In the Ind-CPA security we give access to the adversary to the encryption oracle as a black box.
Ind-CPA also includes the Known-Plaintext Attack, and KPA < IND-CPA
There are historical examples of Ind-CPA attacks. Directly quoting one from Wikipedia
In World War II US Navy cryptanalysts discovered that Japan was planning to attack a location referred to as "AF". They believed that "AF" might be Midway Island, because other locations in the Hawaiian Islands had codewords that began with "A". To prove their hypothesis that "AF" corresponded to "Midway Island" they asked the US forces at Midway to send a plaintext message about low supplies. The Japanese intercepted the message and immediately reported to their superiors that "AF" was low on water, confirming the Navy's hypothesis and allowing them to position their force to win the battle.
This is a real example of how one can query an encryption oracle in real life. There are more examples on the Wikipedia.
Ind-CPA adversaries are considered passive adversaries. One might argue that they are allowed to access the encryption oracle as a black box, but they are still in the setting of observing passively transmitted ciphertexts.
From the passive attacker, we want to go further to the active attacker, in which the attacker can modify the ciphertexts, too ( modify and query to decryption oracle). The padding oracle attack is one of the examples, though the attacker cannot get the decryption, still, they can get information to decrypt the blocks one by one.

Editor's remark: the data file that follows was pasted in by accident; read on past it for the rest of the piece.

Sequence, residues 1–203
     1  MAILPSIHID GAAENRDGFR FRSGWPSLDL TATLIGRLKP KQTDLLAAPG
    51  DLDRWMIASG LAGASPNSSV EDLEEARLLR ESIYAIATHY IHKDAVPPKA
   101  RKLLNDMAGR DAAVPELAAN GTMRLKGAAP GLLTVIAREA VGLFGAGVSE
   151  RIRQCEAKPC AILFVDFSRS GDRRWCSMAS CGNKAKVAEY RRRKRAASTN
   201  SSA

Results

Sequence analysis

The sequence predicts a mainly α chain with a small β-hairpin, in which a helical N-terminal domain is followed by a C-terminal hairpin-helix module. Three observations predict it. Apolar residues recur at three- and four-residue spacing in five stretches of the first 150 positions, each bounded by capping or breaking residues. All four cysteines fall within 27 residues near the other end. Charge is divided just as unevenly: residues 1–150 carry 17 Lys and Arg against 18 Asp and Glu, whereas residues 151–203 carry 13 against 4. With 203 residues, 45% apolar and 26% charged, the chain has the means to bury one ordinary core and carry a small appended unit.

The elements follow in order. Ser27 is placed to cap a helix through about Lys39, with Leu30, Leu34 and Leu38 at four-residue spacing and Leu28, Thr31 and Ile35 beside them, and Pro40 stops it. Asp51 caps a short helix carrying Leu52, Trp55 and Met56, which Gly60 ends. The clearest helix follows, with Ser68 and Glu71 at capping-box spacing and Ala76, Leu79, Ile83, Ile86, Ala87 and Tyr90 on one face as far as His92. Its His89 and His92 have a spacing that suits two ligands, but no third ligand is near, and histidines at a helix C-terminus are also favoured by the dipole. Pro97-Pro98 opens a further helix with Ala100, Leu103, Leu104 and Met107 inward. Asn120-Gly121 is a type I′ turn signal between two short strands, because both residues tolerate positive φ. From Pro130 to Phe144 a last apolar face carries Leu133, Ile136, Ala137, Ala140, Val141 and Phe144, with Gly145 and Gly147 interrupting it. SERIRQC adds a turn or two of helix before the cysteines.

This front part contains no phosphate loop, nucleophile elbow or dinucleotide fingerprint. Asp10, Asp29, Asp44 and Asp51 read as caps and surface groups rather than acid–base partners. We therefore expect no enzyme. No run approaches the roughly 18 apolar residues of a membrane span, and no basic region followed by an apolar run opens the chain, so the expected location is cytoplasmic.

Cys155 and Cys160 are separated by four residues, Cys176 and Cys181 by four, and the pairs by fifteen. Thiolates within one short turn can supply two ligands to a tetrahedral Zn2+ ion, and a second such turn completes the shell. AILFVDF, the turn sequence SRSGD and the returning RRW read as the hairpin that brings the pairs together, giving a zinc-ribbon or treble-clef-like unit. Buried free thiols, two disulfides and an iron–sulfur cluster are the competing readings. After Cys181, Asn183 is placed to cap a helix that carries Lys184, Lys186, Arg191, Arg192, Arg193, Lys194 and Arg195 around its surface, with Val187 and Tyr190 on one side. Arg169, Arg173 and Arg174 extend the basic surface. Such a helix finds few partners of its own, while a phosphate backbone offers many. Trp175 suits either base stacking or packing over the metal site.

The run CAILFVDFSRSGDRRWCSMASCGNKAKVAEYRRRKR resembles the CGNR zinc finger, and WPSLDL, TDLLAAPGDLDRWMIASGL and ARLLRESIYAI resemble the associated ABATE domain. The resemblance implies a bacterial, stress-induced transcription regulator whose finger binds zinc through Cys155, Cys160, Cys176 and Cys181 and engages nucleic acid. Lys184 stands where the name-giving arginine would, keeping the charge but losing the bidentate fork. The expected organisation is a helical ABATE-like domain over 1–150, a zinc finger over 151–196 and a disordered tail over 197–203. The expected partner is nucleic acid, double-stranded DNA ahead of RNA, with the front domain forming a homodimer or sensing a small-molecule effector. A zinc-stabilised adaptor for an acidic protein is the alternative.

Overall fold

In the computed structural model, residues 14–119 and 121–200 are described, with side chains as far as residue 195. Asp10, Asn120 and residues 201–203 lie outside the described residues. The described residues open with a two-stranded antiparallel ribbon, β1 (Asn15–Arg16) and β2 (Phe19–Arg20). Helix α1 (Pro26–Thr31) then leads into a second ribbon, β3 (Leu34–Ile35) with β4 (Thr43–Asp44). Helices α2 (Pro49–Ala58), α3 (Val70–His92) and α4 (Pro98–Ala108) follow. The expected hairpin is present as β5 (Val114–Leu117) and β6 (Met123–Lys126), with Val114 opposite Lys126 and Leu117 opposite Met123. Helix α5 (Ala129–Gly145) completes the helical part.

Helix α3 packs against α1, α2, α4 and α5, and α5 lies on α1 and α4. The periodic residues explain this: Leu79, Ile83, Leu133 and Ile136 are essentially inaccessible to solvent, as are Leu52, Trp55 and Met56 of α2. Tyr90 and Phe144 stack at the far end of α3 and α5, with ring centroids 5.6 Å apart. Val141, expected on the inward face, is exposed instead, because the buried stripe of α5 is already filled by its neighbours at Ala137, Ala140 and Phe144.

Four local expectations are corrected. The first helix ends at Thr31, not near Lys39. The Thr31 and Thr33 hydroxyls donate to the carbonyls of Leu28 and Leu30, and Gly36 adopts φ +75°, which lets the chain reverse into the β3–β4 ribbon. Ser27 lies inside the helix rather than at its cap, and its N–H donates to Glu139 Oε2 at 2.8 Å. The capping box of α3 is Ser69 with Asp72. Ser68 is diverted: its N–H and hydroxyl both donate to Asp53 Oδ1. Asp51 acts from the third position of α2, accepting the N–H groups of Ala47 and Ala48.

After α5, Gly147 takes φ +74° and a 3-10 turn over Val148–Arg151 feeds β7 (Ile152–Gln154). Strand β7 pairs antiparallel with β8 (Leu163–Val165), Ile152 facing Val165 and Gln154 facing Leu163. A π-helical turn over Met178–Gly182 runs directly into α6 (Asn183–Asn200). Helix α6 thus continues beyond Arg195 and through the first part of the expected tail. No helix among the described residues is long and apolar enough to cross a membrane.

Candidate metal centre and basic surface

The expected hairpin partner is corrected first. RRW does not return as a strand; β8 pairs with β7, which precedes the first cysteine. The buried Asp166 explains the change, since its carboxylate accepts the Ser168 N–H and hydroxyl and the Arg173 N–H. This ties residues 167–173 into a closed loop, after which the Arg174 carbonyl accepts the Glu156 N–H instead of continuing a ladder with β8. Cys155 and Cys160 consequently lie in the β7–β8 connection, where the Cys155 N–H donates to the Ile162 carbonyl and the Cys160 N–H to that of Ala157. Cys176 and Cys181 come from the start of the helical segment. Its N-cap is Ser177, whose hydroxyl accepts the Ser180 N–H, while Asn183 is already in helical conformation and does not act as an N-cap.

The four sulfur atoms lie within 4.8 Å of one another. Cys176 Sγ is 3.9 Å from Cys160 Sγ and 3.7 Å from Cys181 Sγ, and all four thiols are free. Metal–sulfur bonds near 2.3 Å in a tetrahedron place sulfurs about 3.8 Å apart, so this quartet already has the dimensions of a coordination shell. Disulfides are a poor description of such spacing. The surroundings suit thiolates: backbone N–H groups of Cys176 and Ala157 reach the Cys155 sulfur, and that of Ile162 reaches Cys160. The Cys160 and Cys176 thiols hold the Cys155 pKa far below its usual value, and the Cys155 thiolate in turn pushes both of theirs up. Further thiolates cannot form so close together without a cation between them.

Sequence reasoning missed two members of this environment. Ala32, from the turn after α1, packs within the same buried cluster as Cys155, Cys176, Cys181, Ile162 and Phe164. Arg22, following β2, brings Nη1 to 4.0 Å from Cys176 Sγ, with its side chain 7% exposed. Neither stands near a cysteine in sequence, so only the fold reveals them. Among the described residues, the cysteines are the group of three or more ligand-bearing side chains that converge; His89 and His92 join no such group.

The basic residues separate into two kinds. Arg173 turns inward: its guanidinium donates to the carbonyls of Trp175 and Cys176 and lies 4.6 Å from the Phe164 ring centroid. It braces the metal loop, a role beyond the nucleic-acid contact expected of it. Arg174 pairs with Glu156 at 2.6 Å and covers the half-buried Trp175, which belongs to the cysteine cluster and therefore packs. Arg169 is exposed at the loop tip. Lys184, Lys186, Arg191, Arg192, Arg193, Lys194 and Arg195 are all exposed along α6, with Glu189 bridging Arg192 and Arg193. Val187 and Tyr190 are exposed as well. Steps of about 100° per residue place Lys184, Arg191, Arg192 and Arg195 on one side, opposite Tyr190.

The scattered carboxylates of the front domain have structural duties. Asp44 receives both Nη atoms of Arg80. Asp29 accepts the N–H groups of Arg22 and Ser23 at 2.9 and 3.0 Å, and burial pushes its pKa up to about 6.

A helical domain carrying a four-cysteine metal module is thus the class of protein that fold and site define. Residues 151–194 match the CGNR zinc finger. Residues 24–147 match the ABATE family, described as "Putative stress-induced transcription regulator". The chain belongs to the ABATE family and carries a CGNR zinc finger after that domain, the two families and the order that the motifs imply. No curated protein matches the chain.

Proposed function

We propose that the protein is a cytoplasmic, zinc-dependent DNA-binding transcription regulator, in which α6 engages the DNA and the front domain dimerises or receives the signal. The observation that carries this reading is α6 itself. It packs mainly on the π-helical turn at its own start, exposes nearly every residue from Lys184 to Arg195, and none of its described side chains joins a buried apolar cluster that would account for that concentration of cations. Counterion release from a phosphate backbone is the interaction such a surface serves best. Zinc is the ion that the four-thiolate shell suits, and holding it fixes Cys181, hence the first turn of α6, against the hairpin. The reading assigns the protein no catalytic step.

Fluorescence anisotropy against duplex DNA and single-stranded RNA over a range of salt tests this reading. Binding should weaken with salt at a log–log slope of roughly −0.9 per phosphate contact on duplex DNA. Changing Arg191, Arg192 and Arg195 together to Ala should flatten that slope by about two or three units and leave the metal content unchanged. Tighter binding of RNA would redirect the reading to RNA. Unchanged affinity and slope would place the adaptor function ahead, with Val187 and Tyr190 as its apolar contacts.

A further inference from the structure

In the Ind-CCA security we give access to the adversary to the encryption and decryption oracle as a black box.
If we don't allow the encryption oracle, then we did not further on the Ind-CPA security, instead, we would have created a branch on the definitions; There might be a hypothetical algorithm that Ind-CCA secure but not Ind-CPA secure. Well, consider the historical example, except for creating noise in the air, CCA attackers cannot work without the encryption oracle and we might say(!) that it was secure against the CCA attacker *.
Now, in the current definitions we have Ind-CPA < Ind-CCA and this is a nice ordering. For example, we can simply say that without authentication you cannot achieve Ind-CCA. Like all classical block-cipher modes of operations CTR, CBC, CFB, and OFB. ( except ECB ) we can achieve Ind-CPA however none can achieve Ind-CCA without a MAC.
And keep in mind that, in public key cryptography, the encryption oracle is free. Therefore, not allowing is also complicates things here.
Why is the adversary in the IND-CCA game allowed to make encryption queries even though the attacker is not assumed to be able to make encryption queries in the chosen cipher attack?
If we can achieve Ind-CPA security then in the current setting the CCA attacker might find that the encryption oracle might not be useful at all. Consider the Ind-CPA secure CBC mode, the padding oracle attacker cannot achieve anything with the encryption oracle since CBC mode is Ind-CPA secure. On the other hand with the (partial) decryption oracle (padding incorrect), it can achieve success.
The above case must not limit the CCA attacker so that they must not use encryption oracle. They are given power over CPA attackers they are active and can access the encryption and decryption oracle. So, whenever they can gain an advantage they can use both.
*I know that atmospheric noise can change radio signals in the air, however, this is not my subject, so there might be an improvement that one can change bits in the air. Still, at that time, I considered that it was not possible.